This particular day, my delightful client and I had been calling back and forth to work out exact timings as the coffee place wasn’t open bang on as usual.
I’d hammered on the door to no effect other than having the staff inside stare blankly back at me, so I’d wandered off for a few minutes. Meanwhile, my client parked up outside to see if it was open.
Very unfortunately for her, directly outside the café was a drainage hole without a grid cover.
As she stopped straight outside the café, her wheel slid exactly and entirely into the hole. Wheel and hole were a perfect fit. Her whole car sort of sagged into the hole, wedged tight.
Being an incredibly polite soul and not a panicker in anyway, she called to say ‘well the good news is that the place is open now’. Lovely, says I. I’ll be right over.
‘Well, there is a slight problem with starting our session, I’m currently stuck in a pothole’.
Personally I’d have led with that story – but then I’m not as polite as my client. I’d also have been worrying that it’d cost a fortune to get myself out of the hole, as no amount of clever reversing was going to make it out – too deep and too narrow – it needed some kind of dragging device, such as a tow-truck.
But not knowing all this, I offer to give her a push and see if we can get her out ourselves.
Till that is, I see the whole/wheel exact fit issue. That’s a bit more serious. We stand there staring at the hole, and how wedged in her car is, giggling slightly. A passer-by stops and suggests we go two doors down to a garage. There’s almost always a helpful passer-by in India. Whether or not their advice is any use is quite another matter, but there you go. In this case both the passer-by and the advice was helpful.
We saunter to the nearest garage-like place – no no, not here, next one over.
Incidentally, god alone knows what they were doing at that first place, but apparently it wasn’t a garage. I’m endlessly confused by what things appear to be doing and what they actually are doing in this country.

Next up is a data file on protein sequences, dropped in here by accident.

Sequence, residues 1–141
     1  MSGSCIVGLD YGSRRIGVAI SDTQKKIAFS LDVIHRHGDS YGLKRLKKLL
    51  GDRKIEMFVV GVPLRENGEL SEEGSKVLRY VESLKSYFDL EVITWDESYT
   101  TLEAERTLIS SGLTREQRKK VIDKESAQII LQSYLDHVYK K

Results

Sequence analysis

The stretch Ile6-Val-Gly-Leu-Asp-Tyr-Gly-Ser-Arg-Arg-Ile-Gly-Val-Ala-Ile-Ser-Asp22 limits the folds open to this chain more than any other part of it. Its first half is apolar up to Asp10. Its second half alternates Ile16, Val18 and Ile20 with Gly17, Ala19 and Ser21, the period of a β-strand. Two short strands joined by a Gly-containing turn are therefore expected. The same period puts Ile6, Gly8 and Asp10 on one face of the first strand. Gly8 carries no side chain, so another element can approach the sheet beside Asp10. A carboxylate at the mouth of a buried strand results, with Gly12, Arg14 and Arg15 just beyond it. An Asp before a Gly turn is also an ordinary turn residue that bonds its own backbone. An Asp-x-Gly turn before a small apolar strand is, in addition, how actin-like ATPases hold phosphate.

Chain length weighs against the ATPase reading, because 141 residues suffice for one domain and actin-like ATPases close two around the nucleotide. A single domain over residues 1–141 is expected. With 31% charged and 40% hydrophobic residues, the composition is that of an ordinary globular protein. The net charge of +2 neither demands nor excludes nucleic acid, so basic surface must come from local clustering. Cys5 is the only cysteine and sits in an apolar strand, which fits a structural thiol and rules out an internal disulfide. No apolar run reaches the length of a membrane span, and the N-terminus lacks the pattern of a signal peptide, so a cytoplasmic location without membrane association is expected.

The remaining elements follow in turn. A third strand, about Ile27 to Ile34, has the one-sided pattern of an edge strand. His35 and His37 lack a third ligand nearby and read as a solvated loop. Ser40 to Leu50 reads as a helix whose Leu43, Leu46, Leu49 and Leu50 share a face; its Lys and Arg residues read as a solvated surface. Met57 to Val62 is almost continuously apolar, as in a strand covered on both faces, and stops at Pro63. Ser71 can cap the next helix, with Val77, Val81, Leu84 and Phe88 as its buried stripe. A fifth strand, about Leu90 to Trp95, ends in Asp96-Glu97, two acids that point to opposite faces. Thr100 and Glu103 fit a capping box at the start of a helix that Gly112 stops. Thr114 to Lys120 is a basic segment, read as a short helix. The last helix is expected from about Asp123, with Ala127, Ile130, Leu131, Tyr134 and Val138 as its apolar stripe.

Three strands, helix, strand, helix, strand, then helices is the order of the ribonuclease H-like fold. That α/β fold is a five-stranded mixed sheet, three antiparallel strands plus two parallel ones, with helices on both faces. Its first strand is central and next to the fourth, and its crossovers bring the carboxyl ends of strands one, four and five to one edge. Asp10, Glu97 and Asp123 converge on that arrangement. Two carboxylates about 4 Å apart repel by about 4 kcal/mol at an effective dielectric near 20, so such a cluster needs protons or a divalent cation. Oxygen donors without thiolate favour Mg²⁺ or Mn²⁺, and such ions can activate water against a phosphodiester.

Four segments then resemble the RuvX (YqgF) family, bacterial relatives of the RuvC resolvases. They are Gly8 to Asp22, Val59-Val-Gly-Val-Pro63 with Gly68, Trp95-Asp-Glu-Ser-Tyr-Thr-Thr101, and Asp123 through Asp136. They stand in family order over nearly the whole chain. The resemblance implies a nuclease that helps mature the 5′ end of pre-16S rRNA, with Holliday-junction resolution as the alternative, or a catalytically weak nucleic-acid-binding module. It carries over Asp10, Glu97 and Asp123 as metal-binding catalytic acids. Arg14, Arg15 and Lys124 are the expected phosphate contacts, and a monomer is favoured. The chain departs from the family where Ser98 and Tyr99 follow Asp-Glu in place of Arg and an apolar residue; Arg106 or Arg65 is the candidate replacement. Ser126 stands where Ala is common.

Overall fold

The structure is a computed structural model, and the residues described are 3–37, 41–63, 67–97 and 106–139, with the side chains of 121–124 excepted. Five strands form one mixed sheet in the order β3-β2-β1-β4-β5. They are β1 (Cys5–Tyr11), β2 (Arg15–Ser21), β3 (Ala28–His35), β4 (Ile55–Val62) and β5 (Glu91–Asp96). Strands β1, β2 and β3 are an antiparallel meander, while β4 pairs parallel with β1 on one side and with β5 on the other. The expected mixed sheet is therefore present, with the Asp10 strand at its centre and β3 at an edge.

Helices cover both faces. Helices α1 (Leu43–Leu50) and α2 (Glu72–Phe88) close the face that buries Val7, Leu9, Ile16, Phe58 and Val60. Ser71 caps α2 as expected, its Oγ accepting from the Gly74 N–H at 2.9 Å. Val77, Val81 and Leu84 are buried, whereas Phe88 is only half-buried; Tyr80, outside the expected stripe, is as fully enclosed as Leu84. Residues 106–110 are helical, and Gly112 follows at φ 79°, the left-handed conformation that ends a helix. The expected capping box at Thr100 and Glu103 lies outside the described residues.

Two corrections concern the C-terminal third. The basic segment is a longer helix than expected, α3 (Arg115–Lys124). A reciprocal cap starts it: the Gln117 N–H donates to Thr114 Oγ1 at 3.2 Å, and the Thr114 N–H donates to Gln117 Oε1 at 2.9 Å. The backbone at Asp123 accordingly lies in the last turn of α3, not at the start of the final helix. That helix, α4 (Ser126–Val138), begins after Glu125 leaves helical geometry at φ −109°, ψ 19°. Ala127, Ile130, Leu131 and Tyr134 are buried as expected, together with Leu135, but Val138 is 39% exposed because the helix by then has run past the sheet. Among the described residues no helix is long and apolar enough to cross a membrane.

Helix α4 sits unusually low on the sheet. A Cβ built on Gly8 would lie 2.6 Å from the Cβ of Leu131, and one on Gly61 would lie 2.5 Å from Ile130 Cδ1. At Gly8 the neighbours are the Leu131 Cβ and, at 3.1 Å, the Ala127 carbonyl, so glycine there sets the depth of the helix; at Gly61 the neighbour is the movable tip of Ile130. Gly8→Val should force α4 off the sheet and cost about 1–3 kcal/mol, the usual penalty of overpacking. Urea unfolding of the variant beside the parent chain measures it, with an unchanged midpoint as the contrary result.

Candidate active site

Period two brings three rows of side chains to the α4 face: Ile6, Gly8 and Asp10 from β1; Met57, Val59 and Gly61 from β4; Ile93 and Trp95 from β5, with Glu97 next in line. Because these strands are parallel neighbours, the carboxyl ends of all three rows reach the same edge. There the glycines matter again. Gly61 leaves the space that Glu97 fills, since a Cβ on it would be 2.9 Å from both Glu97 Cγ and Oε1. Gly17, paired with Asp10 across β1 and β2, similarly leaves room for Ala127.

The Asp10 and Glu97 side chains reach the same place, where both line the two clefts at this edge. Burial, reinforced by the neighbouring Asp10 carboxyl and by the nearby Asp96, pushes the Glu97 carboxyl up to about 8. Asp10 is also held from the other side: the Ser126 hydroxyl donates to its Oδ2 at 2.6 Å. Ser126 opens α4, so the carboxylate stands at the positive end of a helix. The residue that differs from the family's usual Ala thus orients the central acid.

Anyway, my client asks the chaps at the garage to come and help – which they do.
All of them.
Which is about five people. Obviously a slow day in garage land.
They all troupe out and look at the car. They are slightly amused by the situation and rather more amused by the fact a white girl is stood with them contributing nothing at all. There is much laughing and giving of simultaneous advice. There is pointing.
The more senior of them asks if he can get in and do manly things with the steering wheel.
A small crowd begins to form (this is usual anyway, but with a conspicuous white person, it seems to happen even quicker). I realise I am adding nothing to this little scene and am probably actually hindering it by my presence – and gently back into the coffee shop. Stopping only to take this very quick snap of the building excitement.
Forgive the terrible framing, but I wanted to get the spirit of the thing.
Look at that boy, he’s quite giddy.
But here’s the thing. The four lads on the outside, leant on the car to push it away from the hole, and the senior chap on the inside just… drove out. It took about three minutes to get the car back on the road. And they wouldn’t even take a tip – my client had to force cookies and coffee on them.
In the UK that would have required calling roadside assistance, which would have taken hours to arrive and cost a small fortune. But here, despite all the hilarity and apparent argy bargy, the car was out and ready to go, and only very slightly scratched in a few minutes.
I think our client session only started half an hour late – and that was mostly waiting for the coffee to be made for the car saviours. Don’t get me started on the service there – they’re very slow… if a cup was stuck in that hole and it was down to them to get it out, it’d still be there now, let alone a whole car.
See, that’s India – looks disorganised – but somehow it all just sort of works.
If you’ve enjoyed reading this then do please tell all your friends. Ah go on…
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